Canadian Prime Minister Justin Trudeau announced the nomination of Ontario Superior Court of Justice Judge Michelle O’Bonsawin, to the nation’s highest court on Friday. O’Bonsawin, an Abenaki member of the Odanak First Nation, will be the first indigenous justice at the Supreme Court.
This nomination would fill the vacancy to be created by the upcoming retirement of Justice Michael Moldaver in September. Trudeau thanked Justice Moldaver for his service and congratulated him on his distinguished judicial career. Noting that O’Bonsawin is a “widely respected member of Canada’s legal community with a distinguished career,” Trudeau expressed confidence that “she’ll bring invaluable knowledge to our country’s highest court.”
The process to appoint a Supreme Court Justice in Canada begins with a six-week application process. In the current case, this process began on April 4 with a deadline set to May 13. Under a new process implemented in 2016, upon completion of the application phase, a nonpartisan Independent Advisory Board for Supreme Court of Canada Judicial Appointments (IAB) is tasked with reviewing applications and shortlisting three-to-five highly qualified candidates to the prime minister for consideration. After the prime minister nominates a candidate, this candidate will then participate in a hearing before members of the House of Commons Standing Committee on Justice and Human Rights and the Standing Senate Committee on Legal and Constitutional Affairs. The committees will also hear from the Minister of Justice and Attorney General of Canada and the IAB Chairperson on the selection process and the reasons for a specific nomination. In the present case, this would be David Lametti and Wade MacLauchlan, respectively. Post this step, the final appointment comes from the Governor General, upon advice of the prime minister.
This process is noticeably different from that of Canada’s southern neighbor, which does not involve an application process and which often begins with the executive’s (i.e. president’s) nomination. Also noticeably different is the fact that the Supreme Court of Canada has a mandatory retirement age at 75 as opposed to a life term in the US.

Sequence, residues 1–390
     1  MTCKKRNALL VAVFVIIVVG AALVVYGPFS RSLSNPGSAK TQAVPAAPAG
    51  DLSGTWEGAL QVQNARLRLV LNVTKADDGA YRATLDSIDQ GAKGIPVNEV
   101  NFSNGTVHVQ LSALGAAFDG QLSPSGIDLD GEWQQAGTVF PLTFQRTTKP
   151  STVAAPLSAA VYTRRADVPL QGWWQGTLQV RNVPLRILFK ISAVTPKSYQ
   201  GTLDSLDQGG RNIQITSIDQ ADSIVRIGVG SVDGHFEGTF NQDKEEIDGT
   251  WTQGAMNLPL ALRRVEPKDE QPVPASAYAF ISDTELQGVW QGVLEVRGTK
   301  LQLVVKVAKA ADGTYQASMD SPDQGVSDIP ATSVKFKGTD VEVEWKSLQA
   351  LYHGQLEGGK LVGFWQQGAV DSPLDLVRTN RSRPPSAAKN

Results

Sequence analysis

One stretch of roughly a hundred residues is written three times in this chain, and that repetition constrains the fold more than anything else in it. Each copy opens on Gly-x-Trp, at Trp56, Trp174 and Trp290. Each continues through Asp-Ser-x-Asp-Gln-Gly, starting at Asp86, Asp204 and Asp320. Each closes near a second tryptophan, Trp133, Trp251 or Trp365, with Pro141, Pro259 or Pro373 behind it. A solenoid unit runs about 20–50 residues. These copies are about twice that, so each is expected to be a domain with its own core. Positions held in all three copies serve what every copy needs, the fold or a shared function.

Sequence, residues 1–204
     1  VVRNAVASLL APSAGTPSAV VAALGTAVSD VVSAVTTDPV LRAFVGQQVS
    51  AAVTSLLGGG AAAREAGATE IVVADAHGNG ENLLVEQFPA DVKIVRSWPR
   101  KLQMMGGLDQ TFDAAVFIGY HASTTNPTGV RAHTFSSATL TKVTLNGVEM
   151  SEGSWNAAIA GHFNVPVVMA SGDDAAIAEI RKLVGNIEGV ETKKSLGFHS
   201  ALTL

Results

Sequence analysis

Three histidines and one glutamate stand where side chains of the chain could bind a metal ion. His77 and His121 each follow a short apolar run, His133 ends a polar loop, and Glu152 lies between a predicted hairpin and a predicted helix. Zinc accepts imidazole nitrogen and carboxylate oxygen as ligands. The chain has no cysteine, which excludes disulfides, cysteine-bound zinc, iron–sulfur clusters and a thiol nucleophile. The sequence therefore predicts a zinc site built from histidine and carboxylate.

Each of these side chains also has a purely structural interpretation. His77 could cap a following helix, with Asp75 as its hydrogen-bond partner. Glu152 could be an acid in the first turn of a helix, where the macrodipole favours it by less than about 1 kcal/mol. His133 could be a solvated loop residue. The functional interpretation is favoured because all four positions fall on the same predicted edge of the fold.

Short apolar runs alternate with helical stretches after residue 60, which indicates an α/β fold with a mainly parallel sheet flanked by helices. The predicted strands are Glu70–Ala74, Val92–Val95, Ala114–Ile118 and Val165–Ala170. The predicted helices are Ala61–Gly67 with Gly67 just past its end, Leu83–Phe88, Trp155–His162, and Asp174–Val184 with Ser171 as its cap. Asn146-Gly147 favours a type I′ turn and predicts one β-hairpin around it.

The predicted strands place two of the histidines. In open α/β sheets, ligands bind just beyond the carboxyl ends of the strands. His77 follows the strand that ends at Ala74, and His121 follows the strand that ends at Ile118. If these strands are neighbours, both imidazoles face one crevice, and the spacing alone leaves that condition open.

O’Bonsawin holds a Bachelor of Arts degree from Laurentian University, a Bachelor of Law from the University of Ottawa, a Master of Law from Osgoode Hall Law School, and a doctorate in law from the University of Ottawa. An expert in the areas of mental health, labor and employment law, human rights, and privacy law, O’Bonsawin began her career at the legal services unit of the Royal Canadian Mounted Police. She has also taught Indigenous law at the University of Ottawa’s Common Law Program and was previously responsible for the Indigenous Relations Program at the Royal Ottawa Health Care Group. O’Bonsawin hails from the Francophone town of Hanmer, Ontario and is functionally bilingual in English and French—a requirement to sit as as a justice of the Supreme Court in Canada. She was incidentally also the first Indigenous woman judge to be appointed to the Ontario Superior Court of Justice.
Post the announcement, the Indigenous Bar Association (IBA) congratulated O’Bonsawin, with IBA President Drew Lafond highlighting that the Court has never reserved a spot for somebody to represent Canada’s indigenous population despite reserving three seats for Quebec judges. Lafond added: “it’s very difficult to have confidence in the ability of the court to pronounce on [issues affecting indigenous peoples] when you don’t have any individuals at the court who spent their lives working in Indigenous laws, customs or traditions…Hopefully with Michelle’s appointment we can begin to change that.”